What Is Physical Therapy?
Physical therapy is an allied health profession concerned with the assessment, diagnosis, and treatment of disease and disability through physical means. It is a research-based profession relying on scientific evidence to direct patient care.
What is a Physical Therapist?
A Physical Therapist is a licensed health care professional who provides services to help restore, maintain, and promote overall fitness and wellness to clients suffering from injury or disease. The Physical Therapist utilizes techniques and modalities that help relieve pain, restore function, improve mobility, and prevent or limit further physical disabilities.
History of Physical Therapy
Physical therapy has been mentioned throughout history. Joint manipulation and massage was used in ancient China around 3000 BC and the ancient Greeks advocated the use of massage and water therapy as early as 460 B.C.
In 1914, the first American colleges started producing graduates to work in the field of physical rehabilitation and a great deal was learned through the rehabilitation of injured servicemen during both World Wars. During World War II, drastic improvements in medical management and surgical techniques led to increasing numbers of survivors with disabling war injuries. Physical therapy practice at home and abroad was dominated by the treatment of wounded veterans, including those with amputations, burns, cold injuries, wounds, fractures, and nerve and spinal cord injuries.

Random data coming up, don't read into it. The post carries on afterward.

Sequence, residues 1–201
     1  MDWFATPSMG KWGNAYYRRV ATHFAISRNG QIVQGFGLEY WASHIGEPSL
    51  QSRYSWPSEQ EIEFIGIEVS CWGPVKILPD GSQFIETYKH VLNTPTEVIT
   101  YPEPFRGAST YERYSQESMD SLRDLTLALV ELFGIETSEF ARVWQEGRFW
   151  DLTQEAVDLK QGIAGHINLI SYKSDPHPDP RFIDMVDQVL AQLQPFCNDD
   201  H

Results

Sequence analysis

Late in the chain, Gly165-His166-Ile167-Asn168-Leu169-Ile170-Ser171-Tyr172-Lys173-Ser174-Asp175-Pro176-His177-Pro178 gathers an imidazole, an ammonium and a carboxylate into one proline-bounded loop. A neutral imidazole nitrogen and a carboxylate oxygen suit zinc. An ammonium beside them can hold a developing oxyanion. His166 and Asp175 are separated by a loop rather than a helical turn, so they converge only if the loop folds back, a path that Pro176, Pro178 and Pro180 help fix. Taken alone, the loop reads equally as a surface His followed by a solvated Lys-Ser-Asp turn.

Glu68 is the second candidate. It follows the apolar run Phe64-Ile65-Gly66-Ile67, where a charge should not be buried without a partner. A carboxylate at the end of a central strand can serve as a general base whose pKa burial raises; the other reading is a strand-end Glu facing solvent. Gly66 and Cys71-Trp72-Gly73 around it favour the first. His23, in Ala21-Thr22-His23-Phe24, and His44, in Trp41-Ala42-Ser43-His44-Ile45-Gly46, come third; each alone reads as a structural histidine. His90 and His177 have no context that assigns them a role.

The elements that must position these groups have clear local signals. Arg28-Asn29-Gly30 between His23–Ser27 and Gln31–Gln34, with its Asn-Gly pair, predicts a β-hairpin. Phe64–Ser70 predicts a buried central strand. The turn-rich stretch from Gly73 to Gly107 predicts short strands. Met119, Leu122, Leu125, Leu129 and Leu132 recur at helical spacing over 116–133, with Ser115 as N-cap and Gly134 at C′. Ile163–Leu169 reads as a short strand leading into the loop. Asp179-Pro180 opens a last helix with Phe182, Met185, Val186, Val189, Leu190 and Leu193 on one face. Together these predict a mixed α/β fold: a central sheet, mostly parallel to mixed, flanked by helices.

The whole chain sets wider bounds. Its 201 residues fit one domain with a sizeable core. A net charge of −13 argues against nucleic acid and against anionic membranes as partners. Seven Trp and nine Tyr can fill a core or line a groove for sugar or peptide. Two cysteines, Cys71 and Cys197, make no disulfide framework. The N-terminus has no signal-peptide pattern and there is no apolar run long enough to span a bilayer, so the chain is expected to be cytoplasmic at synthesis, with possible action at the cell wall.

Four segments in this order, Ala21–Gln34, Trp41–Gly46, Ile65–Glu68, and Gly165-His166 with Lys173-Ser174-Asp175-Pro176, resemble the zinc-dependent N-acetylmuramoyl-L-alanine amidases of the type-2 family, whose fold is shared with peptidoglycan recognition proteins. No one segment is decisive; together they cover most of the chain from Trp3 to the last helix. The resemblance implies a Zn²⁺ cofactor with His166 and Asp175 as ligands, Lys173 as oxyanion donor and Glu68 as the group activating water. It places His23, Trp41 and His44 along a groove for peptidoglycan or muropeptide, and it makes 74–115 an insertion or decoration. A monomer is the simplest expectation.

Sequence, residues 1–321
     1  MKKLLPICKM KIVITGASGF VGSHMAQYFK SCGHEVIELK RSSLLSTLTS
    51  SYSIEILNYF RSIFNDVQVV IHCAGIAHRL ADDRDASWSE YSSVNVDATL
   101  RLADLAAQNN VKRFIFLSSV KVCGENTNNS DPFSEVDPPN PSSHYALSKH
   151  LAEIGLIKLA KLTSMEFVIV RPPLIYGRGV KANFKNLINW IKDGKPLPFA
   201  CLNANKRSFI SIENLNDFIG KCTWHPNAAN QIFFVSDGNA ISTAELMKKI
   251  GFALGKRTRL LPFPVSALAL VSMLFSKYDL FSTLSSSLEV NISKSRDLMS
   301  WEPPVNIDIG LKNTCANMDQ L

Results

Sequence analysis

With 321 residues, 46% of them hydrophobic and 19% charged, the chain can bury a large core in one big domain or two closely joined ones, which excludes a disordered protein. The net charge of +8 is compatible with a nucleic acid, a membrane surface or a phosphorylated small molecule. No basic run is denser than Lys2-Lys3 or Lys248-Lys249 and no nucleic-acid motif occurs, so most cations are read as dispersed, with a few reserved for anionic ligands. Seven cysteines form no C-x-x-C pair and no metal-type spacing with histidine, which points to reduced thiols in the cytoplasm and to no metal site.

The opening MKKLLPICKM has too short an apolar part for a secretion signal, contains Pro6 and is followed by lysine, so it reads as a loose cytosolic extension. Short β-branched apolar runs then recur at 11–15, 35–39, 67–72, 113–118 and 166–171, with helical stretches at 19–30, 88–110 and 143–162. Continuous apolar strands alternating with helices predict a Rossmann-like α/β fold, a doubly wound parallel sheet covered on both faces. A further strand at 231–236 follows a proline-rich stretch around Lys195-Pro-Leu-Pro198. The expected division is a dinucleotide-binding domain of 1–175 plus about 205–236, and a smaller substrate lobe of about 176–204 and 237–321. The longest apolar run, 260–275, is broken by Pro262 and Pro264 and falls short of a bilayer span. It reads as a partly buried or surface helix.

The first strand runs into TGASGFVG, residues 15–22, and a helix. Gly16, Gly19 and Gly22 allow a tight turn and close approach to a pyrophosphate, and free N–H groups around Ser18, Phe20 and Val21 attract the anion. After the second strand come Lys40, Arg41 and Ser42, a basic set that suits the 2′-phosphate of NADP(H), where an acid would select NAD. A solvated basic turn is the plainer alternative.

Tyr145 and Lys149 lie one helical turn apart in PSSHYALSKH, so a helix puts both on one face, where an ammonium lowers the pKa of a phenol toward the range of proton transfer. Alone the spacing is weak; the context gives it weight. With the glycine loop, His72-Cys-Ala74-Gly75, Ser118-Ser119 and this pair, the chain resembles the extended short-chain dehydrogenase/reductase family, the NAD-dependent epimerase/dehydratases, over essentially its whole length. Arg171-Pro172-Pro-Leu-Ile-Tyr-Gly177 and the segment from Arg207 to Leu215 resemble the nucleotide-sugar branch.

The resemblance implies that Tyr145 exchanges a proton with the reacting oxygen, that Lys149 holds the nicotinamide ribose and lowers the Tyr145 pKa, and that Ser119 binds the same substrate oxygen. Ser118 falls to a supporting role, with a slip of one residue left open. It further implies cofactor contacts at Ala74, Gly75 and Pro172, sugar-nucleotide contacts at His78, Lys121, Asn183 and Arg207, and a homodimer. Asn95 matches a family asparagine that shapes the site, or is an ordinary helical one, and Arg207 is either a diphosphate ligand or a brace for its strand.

The Hill Burton Act of 1946 initiated a nation-wide hospital-building program to provide the necessary number of staffed hospital beds per 1,000 people in the US. By 1950, 65,000 hospital beds and 250 public health centers were added to the nation’s health care facilities lending to an increase in hospital-based practice for Physical Therapists.
Since the 1950s, the role of the Physical Therapist has progressed from that of a technician to that of a professional practitioner. During this time, increasing numbers of states enacted state licensure laws for Physical Therapists. Additionally, Physical Therapists began to move outside of the hospital to practice in a variety of settings including outpatient orthopedic clinics, public schools, universities and skilled nursing centers.
Presently, Physical Therapists are among the most knowledgeable healthcare professionals concerning orthopedic and neurological conditions. After graduating from an accredited program offering a Master of Science or a Doctoral degree in Physical Therapy, a physical therapist must pass a state licensure exam before he or she can practice.